LYME DISEASE – The four most common species of ticks found in Pennsylvania can transmit Lyme Disease. Just like in humans, Lyme disease in dogs is a painful, multi-system disorder caused by bacteria. Lyme disease is a recurring condition that can strike again and again once it is contracted. It can take up until 2 -3 months after contracting the disease to show any signs. Over 90% of dogs don’t show symptoms of Lyme disease. Some symptoms include: inconsistent limping, swelling in the lymph nodes, fever, loss of appetite and lethargy.

 

ANAPLASMOSIS – causes lameness, joint pain, fever, lethargy, and not eating. Most infected dogs will have symptoms for 1 to 7 days; however, some will have no or only minor symptoms.

 

EHRLICHIA – Ehrlichia is a type of bacteria that infects the white blood cells of their hosts. There are three phases of the illness (acute, subclinical and chronic). The acute phase occurs 1 – 3 weeks after being bitten. This is generally a mild phase. This can be where the dog cannot be acting quite like themselves. In the subclinical phase, the dog appears to be normal and can stay in this phase for months to several years. In the chronic phase, up to 60% of dogs will have abnormal bleeding due to reduced platelet numbers.

 

ROCKY MOUNTAIN SPOTTED FEVER –  Rocky Mountain Spotted Fever is an intracellular (inside cells) parasite. Clinical signs will show up 2-14 days after the bite occurred. Common symptoms include: fever, lethargy, inappetence, pain, eye/nose discharge (that can include nosebleed), cough, enlarged lymph nodes, lameness, skin necrosis/sloughing, and hemorrhages. Up to 1/3 of infected dogs will have central nervous system issues. Most cases occur in the southern Atlantic states (Delaware, and from Maryland to Florida) and obviously areas around the Rocky Mountains. If your dog travels to any of these areas, they can be at risk for Rocky Mountain Spotted Fever.

 

PARASITIC INFECTIONS

 

ROUNDWORMS – Roundworms are intestinal parasites that can be transmitted from a mother to her young, ingestion from a contaminated environment and affected animals. Children can also pick up roundworms from the environment.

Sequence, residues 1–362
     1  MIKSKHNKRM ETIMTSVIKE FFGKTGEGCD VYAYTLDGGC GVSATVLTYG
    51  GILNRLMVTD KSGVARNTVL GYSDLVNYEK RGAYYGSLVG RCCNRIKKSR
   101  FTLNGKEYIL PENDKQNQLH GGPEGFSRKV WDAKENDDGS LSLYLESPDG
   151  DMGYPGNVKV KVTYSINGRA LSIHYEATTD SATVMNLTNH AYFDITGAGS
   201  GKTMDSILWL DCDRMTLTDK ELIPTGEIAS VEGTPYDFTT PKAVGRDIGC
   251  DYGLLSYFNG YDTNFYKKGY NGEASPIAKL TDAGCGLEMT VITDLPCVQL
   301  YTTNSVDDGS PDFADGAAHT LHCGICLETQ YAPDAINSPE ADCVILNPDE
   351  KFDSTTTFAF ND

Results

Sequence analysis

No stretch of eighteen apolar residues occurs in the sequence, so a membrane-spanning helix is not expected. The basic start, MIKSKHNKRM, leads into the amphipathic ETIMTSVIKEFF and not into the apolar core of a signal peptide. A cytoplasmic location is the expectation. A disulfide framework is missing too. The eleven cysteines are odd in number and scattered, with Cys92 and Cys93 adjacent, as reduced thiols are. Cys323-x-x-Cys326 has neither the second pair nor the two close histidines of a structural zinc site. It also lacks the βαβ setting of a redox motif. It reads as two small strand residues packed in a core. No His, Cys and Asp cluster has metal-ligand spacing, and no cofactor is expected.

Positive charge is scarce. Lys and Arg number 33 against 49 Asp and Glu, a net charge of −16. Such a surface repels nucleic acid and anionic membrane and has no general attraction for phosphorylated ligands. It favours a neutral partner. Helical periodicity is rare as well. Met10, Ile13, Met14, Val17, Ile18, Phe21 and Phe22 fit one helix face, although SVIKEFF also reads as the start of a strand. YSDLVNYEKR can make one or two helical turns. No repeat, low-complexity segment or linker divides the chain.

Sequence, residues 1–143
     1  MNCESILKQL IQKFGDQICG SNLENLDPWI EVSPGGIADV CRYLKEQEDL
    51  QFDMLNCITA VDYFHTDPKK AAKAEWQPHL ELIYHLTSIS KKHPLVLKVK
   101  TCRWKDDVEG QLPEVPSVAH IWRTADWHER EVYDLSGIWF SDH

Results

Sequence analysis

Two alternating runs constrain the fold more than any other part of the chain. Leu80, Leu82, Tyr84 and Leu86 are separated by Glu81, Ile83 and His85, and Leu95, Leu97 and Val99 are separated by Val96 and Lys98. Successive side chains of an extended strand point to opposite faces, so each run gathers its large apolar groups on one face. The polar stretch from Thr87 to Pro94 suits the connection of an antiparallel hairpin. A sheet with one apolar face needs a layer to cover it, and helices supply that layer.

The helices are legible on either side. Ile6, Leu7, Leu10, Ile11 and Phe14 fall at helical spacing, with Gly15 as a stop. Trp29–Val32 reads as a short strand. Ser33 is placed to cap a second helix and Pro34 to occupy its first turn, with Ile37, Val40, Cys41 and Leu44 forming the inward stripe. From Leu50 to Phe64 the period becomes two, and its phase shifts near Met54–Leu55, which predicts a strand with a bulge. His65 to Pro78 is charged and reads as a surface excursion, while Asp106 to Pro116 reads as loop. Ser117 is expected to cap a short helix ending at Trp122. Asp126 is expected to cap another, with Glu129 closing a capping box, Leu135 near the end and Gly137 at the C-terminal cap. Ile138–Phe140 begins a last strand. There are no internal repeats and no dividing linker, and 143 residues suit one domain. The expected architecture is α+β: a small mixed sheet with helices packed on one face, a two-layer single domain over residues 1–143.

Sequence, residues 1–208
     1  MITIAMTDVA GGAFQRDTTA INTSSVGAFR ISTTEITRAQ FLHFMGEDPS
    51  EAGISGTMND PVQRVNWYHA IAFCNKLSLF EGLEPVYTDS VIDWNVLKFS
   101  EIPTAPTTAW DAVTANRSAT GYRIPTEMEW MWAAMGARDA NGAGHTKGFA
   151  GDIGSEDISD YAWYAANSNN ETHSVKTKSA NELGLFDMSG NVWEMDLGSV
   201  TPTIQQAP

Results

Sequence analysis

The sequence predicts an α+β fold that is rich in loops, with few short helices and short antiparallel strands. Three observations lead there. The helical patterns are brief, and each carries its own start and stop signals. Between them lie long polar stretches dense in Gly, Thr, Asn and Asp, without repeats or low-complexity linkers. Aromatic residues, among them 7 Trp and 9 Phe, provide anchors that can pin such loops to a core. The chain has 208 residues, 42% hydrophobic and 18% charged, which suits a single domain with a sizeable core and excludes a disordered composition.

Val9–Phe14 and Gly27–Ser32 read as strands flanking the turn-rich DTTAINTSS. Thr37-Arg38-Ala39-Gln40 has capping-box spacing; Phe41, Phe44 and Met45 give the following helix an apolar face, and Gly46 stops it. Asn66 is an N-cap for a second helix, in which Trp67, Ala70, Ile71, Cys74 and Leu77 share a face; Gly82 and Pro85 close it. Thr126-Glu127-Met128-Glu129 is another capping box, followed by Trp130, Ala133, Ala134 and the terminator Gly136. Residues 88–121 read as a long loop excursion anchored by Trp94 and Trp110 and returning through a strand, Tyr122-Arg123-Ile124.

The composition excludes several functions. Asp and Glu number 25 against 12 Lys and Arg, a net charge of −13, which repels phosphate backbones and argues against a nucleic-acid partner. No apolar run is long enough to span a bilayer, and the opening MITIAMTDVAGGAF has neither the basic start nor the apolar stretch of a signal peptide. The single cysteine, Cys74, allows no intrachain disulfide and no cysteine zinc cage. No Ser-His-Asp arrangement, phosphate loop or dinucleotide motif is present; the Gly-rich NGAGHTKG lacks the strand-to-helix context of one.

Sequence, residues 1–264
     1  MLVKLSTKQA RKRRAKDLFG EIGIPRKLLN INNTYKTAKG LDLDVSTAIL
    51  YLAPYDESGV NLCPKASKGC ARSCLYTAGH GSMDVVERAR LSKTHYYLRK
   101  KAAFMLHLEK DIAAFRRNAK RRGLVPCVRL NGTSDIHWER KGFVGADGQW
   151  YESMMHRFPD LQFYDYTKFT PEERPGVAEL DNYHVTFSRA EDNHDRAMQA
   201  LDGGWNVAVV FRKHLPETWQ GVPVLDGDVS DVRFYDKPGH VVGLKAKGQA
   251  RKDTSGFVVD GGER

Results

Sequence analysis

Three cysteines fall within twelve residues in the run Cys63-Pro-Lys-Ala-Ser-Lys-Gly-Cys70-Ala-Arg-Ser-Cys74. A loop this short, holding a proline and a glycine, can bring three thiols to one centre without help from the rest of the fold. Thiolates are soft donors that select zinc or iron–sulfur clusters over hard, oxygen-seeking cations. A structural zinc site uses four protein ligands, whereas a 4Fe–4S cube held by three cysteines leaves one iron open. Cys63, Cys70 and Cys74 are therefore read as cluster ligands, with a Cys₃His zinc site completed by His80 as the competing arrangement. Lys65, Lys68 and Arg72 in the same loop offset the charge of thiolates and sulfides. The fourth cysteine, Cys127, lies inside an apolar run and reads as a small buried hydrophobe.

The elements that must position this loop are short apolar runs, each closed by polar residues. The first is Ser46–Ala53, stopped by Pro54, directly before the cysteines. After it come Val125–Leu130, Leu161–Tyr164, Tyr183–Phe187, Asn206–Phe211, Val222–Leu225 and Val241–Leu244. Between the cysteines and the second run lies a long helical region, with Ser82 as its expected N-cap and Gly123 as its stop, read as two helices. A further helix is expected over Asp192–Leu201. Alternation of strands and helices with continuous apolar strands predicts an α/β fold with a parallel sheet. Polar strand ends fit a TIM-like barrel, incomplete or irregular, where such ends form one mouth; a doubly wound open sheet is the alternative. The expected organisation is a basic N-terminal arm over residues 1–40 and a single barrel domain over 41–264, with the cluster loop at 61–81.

HOOKWORMS – Hookworms are intestinal parasites that can be transmitted from a contaminated environment, larval skin penetration, ingestion of their eggs from contaminated items and from mothers to their young. People can also get hookworms if they come in contact with infected feces and environment with their bare hands or feet.

 

SARCOPTIC MANGE – Sarcoptic Mange is a skin disease caused by mites which burrow under the skin. Humans can be infected through contact with infected animals.

 

PROTOZOAL INFECTIONS

 

GIARDIA – Giardia is a single-celled organism that is most commonly transmitted through contaminated water. Dogs, cats and humans that come into contact with water can become infected with Giardia. Antibiotics are used to treat Giardia.

 

CRYPTOSPORIDIOSIS – Cryptosporidiosis shares a lot of similarities with Giardia. Cryptosporidiosis comes from contaminated water and causes diarrhea. Antibiotics are used to treat Cryptosporidiosis.

 

TOXOPLASMOSIS – Besides cat feces, people can get Toxoplasmosis from undercooked meat, unwashed vegetables and contaminated soil. Cats with suppressed immune systems like young kittens, FIV positive and feline leukemia positive cats are more likely to develop Toxoplasmosis. The most common symptoms of toxoplasmosis includes fever, loss of appetite, and lethargy. After diagnostic testing confirms Toxoplasmosis, treatment with antibiotics will continue for several days after signs disappear.

 

PROTECTING YOURSELF

 

Common sense and basic hygiene practices can lower your risk of exposure to many of these zoonotic diseases.

 

  • Avoid unknown and un-vaccinated animals.
  • Clean up your pet’s waste as soon as they are done eliminating.
  • Wear gloves and wash your hands with soap and water after handling your pet’s waste.
  • Keep your pet(s) up to date on their vaccines.
  • Keep your pet(s) on year-round flea and tick preventatives.
  • Keep your home and yard clear of clutter and overgrown debris.

 

For more information, go to The National center for Emerging and Zoonotic Infectious Diseases.